Celtic research in Roseldorf/Sandberg

Project Website: www.nhm-wien.ac.at/roseldorf

Contact: Dr. Veronika Holzer

Led by Dr Veronika Holzer, the Department of Prehistory has been carrying out research since 1995 on a central Celtic settlement in Roseldorf/Sandberg in the Weinviertel region of Lower Austria. The significance of Roseldorf/Sandberg for archaeological research is mainly based on several shrines where remains of very specific offerings have been preserved. The settlement, which was never built over and which experienced its heyday in the Mid-Latène period, has since given its name to a settlement type known as "Roseldorf/Nĕmčice".
Based on the shrines at Roseldorf/Sandberg it was proved for the first time in 2002 that square grave shrines – of which many had already been found in western Central Europe – also existed in the eastern stretches of the area occupied by the Celts. So far, researchers have found three temple districts in Roseldorf/Sandberg with a total of two large and five smaller shrines plus at least one sacrificial pit. Interestingly, these places of worship, which existed at the same time, differ from each another both in their design and in the offerings they contained. This suggests that the shrines were dedicated to different gods. Hardly any written sources have survived on the Celtic religion, and it is rare to find sites which have been preserved in such an undisturbed state, so the site at Roseldorf/Sandberg has played an important role in helping understand the beliefs and rituals of the Celtic world.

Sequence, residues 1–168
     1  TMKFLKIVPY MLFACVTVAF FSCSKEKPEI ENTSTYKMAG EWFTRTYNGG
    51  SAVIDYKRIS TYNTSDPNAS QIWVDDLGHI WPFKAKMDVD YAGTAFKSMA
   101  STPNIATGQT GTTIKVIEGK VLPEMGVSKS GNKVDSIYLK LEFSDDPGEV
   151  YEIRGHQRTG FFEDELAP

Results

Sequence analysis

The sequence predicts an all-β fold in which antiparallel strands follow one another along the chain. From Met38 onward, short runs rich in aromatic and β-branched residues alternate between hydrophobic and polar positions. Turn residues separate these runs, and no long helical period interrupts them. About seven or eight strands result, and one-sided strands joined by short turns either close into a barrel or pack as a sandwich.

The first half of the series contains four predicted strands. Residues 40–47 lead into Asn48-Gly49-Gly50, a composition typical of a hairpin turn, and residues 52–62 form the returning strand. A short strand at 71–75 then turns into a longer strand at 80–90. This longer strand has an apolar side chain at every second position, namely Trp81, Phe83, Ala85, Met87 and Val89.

In addition to the shrines, the Roseldorf/Sandberg settlement is also important because of its size and structure. This central settlement is the largest of this period in Austria found to date and the only one which has not been built over. A sign of its importance in Celtic times is the discovery of the oldest and richest coin-minting site in Austria, showing Roseldorf/Sandberg's formative influence on trade and economy throughout the region and beyond.
Scientists from the fields of archaeology, anthropology, archaeo-zoology, archaeo-botany, geology and chemistry are involved in the interdisciplinary research, which has been conducted annually since 2001.